Dr Karen Purnell
Paper presented at Spillcon 2002, Sydney, Australia, 16-19 September 2002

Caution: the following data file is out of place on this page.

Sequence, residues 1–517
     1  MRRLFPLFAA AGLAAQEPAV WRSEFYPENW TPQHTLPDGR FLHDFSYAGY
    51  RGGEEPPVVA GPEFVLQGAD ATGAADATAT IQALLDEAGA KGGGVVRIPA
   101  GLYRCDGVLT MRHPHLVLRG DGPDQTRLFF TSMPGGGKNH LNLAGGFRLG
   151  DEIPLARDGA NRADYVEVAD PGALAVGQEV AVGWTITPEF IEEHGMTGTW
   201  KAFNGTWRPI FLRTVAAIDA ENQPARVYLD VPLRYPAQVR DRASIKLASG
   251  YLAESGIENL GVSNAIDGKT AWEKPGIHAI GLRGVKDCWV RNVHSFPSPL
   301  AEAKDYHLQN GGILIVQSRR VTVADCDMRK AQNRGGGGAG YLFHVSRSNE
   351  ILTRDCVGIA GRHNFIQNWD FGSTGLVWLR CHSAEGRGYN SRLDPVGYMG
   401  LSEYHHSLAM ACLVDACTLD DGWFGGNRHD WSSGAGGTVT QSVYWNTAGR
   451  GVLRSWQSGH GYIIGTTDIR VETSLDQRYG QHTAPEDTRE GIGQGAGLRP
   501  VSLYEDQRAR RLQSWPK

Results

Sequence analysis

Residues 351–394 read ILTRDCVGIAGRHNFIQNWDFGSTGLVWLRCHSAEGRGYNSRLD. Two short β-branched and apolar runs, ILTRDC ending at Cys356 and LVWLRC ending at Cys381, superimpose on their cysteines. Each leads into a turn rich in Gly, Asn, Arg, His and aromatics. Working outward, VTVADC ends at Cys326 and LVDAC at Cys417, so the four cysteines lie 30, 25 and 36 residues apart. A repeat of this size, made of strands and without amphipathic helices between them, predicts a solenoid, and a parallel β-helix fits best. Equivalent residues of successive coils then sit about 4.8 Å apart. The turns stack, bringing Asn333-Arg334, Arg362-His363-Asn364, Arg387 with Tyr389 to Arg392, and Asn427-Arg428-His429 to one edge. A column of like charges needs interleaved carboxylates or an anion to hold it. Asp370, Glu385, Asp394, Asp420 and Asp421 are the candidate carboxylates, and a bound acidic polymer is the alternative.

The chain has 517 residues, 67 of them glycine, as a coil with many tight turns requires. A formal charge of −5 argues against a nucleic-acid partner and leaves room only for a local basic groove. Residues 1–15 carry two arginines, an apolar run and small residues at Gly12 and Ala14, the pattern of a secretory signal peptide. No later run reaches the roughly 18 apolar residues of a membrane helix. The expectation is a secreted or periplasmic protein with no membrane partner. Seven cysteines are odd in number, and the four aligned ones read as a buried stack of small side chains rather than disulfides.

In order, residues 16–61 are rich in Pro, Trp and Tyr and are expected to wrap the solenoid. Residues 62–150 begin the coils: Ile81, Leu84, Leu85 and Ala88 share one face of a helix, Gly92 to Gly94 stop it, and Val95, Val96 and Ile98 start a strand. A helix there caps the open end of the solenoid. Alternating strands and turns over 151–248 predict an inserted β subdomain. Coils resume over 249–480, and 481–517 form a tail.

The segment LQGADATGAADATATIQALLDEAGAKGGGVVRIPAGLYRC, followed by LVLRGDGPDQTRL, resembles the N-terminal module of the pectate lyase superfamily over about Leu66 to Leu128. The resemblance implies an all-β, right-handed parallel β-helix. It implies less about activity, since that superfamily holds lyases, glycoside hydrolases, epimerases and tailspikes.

This paper reviews some of the commonly experienced lessons to be learned during oil spill response. From an ITOPF perspective, good management and co-ordination is the key to a successful response. It is also the area that most often falls short of the ideal when a real incident occurs. Rather than reacting in an ad-hoc fashion following a major incident, quiet periods should be utilised to review past oil spill experiences, update contingency plans and train personnel as part of a sustainable programme of improving preparedness. Although some may argue that there is no substitute for the real thing, in a climate of declining frequency of oil spills, training and exercises are important for teaching the basics of oil spill response and ensuring that a constant preparedness is maintained. Previous incidents provide the ideal opportunity to supplement this training, inject realism, and hopefully, promote better understanding of the practicalities and limitations of oil spill response.